The Queen of England has already spent £600,000 ($748,932) of taxpayer money with trusted engineers and architectural designers that have compiled blueprints for what is being called a 'reservicing' of Buckingham Palace. The taxpayers have been informed that they will be expected to foot the bill of £369 million ($459 million) for a full update of the Palace. All of the bells and whistles! The main engineering company attached to the project is WSP Parsons Brinckerhoff. There are six Buckingham Palace old electric cabling organizations that will also lend their expertise to the reservicing. The refurbishment of the Palace would be the biggest update since World War II. There are aged boilers to repair, 20 miles of pipework and 100 miles of electrical cable that will need replacing.
Official pictures from the report showed the aged cabling and made a point that all of the electrical cabling needed to be redone. Furthermore, the heating of the Palace was installed 60 years ago. The official report read:
A series of detailed technical assessments have examined the material state of the Palace, including the electrical cabling, power generation, hot and cold water pipework and data systems (fire alarms, telephones and IT). These established that elements of the Palace's essential services are significantly beyond their maximum useful life and require urgent replacements to avoid the risk of devastating failure.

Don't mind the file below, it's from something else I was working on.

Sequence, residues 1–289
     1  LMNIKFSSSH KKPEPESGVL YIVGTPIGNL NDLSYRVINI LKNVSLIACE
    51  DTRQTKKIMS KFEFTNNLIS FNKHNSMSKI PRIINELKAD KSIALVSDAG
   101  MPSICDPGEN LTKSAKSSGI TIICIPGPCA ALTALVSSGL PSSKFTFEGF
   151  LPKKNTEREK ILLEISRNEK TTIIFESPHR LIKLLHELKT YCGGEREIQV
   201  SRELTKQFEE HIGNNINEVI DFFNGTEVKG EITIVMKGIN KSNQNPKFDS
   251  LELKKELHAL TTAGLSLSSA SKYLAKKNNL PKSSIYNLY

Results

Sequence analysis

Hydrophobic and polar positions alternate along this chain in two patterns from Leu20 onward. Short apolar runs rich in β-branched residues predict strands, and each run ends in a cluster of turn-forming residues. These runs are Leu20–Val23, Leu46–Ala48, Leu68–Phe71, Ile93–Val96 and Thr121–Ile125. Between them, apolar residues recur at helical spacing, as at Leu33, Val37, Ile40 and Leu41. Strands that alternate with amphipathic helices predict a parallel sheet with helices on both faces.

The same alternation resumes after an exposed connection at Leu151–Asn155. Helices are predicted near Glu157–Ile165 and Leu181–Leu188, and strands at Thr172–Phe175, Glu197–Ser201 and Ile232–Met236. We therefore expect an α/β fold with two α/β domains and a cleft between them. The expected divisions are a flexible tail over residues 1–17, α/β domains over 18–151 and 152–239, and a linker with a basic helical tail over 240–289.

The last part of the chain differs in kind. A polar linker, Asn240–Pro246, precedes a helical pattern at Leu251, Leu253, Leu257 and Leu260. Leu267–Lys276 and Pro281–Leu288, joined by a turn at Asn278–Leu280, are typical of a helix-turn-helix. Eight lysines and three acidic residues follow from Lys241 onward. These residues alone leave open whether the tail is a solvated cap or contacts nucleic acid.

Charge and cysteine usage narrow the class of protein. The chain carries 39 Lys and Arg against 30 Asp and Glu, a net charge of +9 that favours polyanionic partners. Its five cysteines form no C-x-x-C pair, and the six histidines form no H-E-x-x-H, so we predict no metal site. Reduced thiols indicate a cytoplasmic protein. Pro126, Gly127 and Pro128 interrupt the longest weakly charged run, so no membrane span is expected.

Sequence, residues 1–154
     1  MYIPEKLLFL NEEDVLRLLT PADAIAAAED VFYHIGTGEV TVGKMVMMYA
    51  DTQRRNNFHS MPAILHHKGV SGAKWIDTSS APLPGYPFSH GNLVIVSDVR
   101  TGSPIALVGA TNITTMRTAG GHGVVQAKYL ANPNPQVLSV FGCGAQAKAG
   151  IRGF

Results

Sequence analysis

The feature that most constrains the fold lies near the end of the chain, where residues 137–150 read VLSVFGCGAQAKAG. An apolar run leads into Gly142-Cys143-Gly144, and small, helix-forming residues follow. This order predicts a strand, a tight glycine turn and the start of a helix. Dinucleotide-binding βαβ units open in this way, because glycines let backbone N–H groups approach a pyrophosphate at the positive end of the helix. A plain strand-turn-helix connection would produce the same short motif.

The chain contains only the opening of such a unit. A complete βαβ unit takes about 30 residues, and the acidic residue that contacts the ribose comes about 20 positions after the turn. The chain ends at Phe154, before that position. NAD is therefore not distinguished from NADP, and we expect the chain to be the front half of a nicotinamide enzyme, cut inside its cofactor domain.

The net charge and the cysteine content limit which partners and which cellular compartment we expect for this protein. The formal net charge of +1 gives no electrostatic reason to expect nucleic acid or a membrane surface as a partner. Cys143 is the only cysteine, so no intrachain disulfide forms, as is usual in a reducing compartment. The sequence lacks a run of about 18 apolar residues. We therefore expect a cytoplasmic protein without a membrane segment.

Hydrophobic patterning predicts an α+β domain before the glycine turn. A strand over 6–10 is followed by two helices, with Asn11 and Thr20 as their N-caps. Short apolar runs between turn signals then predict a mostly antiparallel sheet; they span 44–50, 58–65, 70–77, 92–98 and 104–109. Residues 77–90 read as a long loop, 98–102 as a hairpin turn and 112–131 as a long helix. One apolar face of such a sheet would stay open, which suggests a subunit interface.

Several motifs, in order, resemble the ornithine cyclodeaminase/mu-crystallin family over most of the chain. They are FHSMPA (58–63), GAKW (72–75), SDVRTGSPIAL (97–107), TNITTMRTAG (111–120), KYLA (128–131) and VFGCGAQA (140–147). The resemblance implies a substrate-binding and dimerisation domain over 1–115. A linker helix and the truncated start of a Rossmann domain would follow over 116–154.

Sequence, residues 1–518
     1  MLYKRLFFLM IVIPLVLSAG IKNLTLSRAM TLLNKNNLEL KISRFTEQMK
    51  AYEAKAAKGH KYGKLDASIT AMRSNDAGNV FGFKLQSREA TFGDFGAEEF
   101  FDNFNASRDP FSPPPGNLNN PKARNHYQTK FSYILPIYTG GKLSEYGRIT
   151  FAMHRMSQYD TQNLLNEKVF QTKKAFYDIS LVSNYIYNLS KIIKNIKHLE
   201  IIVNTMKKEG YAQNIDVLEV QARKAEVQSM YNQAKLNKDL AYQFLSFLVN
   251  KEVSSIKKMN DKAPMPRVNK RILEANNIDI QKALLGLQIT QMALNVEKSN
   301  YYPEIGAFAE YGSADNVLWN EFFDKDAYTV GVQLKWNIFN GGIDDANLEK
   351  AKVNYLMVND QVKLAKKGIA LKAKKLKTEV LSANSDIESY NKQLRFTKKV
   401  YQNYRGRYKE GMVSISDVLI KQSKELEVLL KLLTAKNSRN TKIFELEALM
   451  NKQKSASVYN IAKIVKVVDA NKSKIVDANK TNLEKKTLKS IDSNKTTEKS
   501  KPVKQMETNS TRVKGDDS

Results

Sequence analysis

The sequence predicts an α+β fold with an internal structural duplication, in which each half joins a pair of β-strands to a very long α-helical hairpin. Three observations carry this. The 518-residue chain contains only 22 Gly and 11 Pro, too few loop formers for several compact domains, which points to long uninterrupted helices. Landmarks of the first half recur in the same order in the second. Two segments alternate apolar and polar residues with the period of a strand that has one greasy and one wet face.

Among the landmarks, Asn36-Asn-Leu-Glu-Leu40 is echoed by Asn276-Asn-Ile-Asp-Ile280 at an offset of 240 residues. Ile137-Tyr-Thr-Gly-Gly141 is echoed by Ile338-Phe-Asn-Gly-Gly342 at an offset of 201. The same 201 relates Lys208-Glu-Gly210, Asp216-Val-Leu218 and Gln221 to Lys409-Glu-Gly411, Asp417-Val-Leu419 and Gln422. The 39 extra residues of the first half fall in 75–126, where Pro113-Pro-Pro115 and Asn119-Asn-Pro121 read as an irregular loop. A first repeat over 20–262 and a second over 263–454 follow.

The Palace employs 300 staff that utilize offices and reportedly hosts 90,000 people per year due to events and functions. The Monarchy seems adamant that if the infrastructure of the Palace is not updated, the "catastrophic" failure of infrastructural mechanisms could result in a fire or a flood. The report says that the drainage system consists of a mixture of "lead and cast iron pipework" that needs to be overhauled. The reservicing would ensure that the Palace would not have to be updated in the next fifty years. The reservicing will start in April 2017 and continue for a decade, reservicing the Palace wing-by-wing. The report states that the reservicing presents a unique opportunity for the "new generation of construction professionals" who will work on the historic building through "apprenticeships and graduate programmes." It is also rumored that Buckingham Palace might be going solar.
A mock-up of what the Palace might look like with solar panels on the roofs give hope that the electricity bill might - at least - be significantly less in the next ten to fifteen years.
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